From each of these drives, we’ll be able to obtain the DriveID (drive letter) and VolumeName (CD/DVD label or name of the removable device). Finally, we’ll pass this information into a custom psobject to display a result table such as below:
The final script appears as below:
For this script to work, remote RPC needs to be enabled, it should be executed from an administrator account, and it should either be signed or executed by allowing (temporarily) unsigned scripts to be executed. This script has been tested to work with PowerShell v1 so that it will work with legacy versions of PowerShell. With later versions of PowerShell (and potentially with this version), this may be able to be refactored.
Feel free to submit revisions to this Gist.
So today is the big day where my wife is being induced with our fourth child. Given the past, today’s experience should last between 6-10 hours. Knowing I’ll be hearing monitors in the background, I figured I should do some work. Since I haven’t spent the time to complete an app for Windows Phone yet I figured I would challenge myself. I’ll be live blogging this experience today and am up against mother nature. My goal is to see what comes first: my new baby boy or my new Windows Phone app. Wish me luck (on both fronts)!
7am It’s beginning – I have an idea on paper. Notice the attention to detail.
On May 3rd, Wrox Press released Professional ASP.NET 4.5 in C# and VB. I co-authored this book with two Microsoft employees (Pranav Rastogi and Scott Hanselman)as well as two Microsoft MVPs (Christian Wenz and Todd Miranda). The book is packed with the most current information about ASP.NET 4.5. It is also the only book I am aware of that explains One ASP.NET. The foreword for this book is written by Scott Hunter of the ASP.NET team.
There are ten parts, 35 chapters, 7 appendixes, and nearly 1500 pages in this book. Here’s the table of contents for the book:
- Part 1: ASP.NET Fundamentals
- Chapter 1: One ASP.NET
- Chapter 2: HTML5 and CSS3 Design with ASP.NET
- Chapter 3: ASP.NET Web Forms Structure
- Part 2: Controls
- Chapter 4: ASP.NET Server Controls
- Chapter 5: ASP.NET Web Server Controls
- Chapter 6: Validation Server Controls
- Chapter 7: User and Server Controls
- Part 3: Data Access
- Chapter 8: Data Binding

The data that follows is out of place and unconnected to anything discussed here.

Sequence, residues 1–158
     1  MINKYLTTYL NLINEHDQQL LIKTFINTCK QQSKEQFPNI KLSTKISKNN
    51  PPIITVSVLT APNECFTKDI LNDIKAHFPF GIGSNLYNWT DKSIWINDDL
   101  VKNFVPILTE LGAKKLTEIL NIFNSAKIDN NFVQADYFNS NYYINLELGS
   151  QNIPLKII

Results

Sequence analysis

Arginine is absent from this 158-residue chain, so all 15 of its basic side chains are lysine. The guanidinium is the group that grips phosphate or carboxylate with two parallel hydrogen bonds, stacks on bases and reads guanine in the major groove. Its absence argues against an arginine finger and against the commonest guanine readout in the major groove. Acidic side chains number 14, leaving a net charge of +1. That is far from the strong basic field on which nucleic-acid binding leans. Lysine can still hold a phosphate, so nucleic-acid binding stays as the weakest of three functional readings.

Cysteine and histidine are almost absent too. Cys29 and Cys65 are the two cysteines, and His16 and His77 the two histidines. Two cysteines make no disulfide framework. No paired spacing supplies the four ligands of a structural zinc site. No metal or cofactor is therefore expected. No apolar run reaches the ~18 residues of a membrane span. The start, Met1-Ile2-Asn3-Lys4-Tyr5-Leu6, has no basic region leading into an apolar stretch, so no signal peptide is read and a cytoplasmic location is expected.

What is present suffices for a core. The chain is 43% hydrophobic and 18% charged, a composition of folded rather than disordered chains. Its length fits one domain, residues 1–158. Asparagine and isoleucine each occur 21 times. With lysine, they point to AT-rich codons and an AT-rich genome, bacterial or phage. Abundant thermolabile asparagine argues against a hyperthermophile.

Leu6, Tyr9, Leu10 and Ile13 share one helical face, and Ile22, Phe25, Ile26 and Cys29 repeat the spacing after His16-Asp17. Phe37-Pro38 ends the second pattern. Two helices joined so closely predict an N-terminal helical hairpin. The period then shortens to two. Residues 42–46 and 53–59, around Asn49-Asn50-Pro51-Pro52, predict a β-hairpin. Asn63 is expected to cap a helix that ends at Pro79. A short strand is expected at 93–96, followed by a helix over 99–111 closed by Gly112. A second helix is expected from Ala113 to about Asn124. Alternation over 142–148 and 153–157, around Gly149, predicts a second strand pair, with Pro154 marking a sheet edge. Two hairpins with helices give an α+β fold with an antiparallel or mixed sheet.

- Chapter 9: Model Binding
- Chapter 10: Querying with LINQ
- Chapter 11: Entity Framework
- Chapter 12: ASP.NET Dynamic Data
- Chapter 13: Working with Services
- Part IV: Providers
- Chapter 14: Introduction to the Provider Model
- Chapter 15: Extending the Provider Model
- Part V: ASP.NET Features
- Chapter 16: Working with Master Pages
- Chapter 17: Site Navigation
- Chapter 18: Personalization
- Chapter 19: Membership and Role Management
- Chapter 20: Security
- Part VI: Application State
- Chapter 21: State Management
- Chapter 22: Caching
- Part VII: Client-Side Development
- Chapter 23: ASP.NET AJAX
- Chapter 24: AJAX Control Toolkit
- Chapter 25: jQuery
- Chapter 26: Real-time Communication
- Chapter 27: Developing Websites with Mobile in Mind
- Part VIII: Application Configuration and Deployment
- Chapter 28: Configuration
- Chapter 29: Debugging and Error Handling
- Chapter 30: Modules and Handlers
- Chapter 31: Asynchronous Communication
- Chapter 32: Building Global Applications
- Chapter 33: Packaging and Deploying ASP.NET
- Part IX: Additional ASP.NET Technologies
- Chapter 34: ASP.NET MVC
- Chapter 35: ASP.NET Web Pages and Razor
- Part X: Appendixes
- Appendix A: Migrating Older ASP.NET Projects
- Appendix B: COM Integration
- Appendix C: ASP.NET Ultimate Tools
- Appendix D: Administration and Management
- Appendix E: Dynamic Types and Languages
- Appendix F: ASP.NET Online Resources
- Appendix G: Visual Studio Extensibility with NuGet
You can pick up a copy at Amazon by visiting http://jasong.us/amzn-aspnet45. If you do pick up a copy, be sure to post a review of the book on your own blog, on Amazon, or via the forums on Wrox.com.